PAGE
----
William Corder’s Trial, bound in William Corder’s skin
A Boston Globe article exploits a fairly well-known bibliographic curiosity to provoke some public shock:
Brown University’s library boasts an unusual anatomy book. Tanned and polished to a smooth golden brown, its cover looks and feels no different from any other fine leather.
But here’s its secret: the book is bound in human skin.
A number of prestigious libraries — including Harvard University’s — have such books in their collections. While the idea of making leather from human skin seems bizarre and cruel today, it was not uncommon in centuries past, said Laura Hartman, a rare book cataloger at the National Library of Medicine in Maryland and author of a paper on the subject…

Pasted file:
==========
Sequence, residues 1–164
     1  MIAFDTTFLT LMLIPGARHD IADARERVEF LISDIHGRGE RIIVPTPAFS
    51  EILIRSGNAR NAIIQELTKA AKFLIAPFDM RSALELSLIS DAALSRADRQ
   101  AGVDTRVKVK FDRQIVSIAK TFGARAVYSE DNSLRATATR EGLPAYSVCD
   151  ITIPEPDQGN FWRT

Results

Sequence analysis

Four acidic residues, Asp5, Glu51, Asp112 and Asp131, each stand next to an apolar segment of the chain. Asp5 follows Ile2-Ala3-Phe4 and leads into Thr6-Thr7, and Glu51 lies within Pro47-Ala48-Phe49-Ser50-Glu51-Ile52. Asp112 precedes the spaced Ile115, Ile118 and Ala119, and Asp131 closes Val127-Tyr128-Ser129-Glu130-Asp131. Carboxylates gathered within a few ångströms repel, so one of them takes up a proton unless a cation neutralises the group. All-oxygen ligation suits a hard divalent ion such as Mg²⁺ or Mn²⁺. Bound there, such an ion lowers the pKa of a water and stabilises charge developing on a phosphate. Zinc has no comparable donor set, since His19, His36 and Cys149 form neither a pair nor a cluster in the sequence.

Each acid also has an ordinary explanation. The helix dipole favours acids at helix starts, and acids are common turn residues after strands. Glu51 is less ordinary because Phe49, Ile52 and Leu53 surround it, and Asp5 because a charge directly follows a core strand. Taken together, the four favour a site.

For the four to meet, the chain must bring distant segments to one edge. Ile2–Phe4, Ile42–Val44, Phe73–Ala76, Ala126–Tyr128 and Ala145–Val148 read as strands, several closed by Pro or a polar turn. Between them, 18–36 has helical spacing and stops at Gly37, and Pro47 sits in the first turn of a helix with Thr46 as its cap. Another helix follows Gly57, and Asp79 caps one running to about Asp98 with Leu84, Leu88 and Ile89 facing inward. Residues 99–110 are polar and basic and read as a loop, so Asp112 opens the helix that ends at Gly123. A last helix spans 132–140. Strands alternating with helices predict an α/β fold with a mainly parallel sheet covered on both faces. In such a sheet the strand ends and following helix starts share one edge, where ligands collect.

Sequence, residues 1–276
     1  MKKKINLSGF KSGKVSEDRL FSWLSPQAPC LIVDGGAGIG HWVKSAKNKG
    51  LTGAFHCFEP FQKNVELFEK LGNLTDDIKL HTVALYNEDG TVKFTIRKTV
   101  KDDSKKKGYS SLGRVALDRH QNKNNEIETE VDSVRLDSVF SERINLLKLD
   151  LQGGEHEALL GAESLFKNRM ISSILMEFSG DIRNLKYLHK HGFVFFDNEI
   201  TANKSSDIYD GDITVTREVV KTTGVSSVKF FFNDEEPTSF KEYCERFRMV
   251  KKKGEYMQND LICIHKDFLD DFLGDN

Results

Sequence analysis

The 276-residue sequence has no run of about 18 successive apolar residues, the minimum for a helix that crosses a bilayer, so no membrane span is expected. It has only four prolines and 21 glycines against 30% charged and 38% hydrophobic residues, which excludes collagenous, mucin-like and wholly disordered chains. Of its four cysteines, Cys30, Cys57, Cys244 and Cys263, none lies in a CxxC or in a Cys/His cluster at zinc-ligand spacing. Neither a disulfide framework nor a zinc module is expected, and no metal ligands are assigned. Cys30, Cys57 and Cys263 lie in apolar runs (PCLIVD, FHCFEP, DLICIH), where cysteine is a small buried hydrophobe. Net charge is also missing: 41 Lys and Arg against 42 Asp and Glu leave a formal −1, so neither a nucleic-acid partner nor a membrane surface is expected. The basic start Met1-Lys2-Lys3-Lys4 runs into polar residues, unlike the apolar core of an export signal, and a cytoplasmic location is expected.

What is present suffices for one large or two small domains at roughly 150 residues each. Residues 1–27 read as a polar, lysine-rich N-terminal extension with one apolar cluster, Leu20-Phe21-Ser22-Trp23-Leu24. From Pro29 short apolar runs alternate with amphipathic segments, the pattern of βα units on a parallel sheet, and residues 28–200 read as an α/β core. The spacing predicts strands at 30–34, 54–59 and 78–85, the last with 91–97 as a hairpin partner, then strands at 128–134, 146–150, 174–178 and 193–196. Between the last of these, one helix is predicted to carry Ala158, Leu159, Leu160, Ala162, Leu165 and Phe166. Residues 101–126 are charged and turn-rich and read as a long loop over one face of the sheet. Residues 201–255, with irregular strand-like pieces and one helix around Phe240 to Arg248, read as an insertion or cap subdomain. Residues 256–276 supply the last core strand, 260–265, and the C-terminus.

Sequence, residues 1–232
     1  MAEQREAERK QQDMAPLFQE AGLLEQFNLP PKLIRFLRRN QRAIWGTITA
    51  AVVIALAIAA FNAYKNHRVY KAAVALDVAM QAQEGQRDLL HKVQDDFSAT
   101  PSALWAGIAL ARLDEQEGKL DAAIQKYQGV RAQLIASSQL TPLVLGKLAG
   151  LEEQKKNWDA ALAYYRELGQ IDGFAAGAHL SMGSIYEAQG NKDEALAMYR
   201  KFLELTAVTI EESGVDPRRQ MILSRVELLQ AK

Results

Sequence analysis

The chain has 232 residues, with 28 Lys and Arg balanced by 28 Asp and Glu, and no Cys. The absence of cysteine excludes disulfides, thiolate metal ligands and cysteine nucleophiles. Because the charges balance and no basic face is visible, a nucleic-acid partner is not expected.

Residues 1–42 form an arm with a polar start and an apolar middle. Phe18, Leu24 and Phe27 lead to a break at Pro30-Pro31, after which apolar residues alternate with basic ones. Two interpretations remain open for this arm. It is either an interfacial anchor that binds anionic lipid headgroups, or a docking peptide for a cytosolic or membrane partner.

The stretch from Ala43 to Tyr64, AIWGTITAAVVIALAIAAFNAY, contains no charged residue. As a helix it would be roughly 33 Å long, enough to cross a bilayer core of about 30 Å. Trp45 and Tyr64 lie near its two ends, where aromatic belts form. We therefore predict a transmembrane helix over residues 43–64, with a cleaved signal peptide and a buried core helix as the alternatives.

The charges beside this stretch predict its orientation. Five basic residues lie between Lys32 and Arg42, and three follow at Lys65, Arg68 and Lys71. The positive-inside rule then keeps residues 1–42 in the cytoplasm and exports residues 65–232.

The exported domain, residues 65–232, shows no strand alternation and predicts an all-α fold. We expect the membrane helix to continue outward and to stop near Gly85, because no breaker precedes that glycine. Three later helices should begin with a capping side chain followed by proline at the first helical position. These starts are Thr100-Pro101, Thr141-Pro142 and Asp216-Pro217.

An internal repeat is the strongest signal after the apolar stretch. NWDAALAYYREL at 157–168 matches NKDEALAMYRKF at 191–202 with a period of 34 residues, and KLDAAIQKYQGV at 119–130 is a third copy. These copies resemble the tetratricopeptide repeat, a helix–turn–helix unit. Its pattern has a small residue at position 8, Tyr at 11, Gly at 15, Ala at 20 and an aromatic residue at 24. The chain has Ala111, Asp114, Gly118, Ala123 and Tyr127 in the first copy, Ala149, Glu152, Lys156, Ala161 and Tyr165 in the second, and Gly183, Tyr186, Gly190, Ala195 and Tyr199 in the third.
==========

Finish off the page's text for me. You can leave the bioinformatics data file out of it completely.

The library has three books bound in human skin — the anatomy text and two 19th century editions of “The Dance of Death,” a medieval morality tale.
Bibliophile publications, and the literature of the supernatural, sometimes feature colorful stories of rare older books, particularly grimoires (i.e., instruction manuals for practicing black magic), purportedly bound in human skin (usually that of a virgin slave), but real examples seem to be mostly unique Victorian and Edwardian exhibition bindings of anatomical texts or avant garde literature.
The above story probably came about via a reading of this one from the Harvard Law School Record.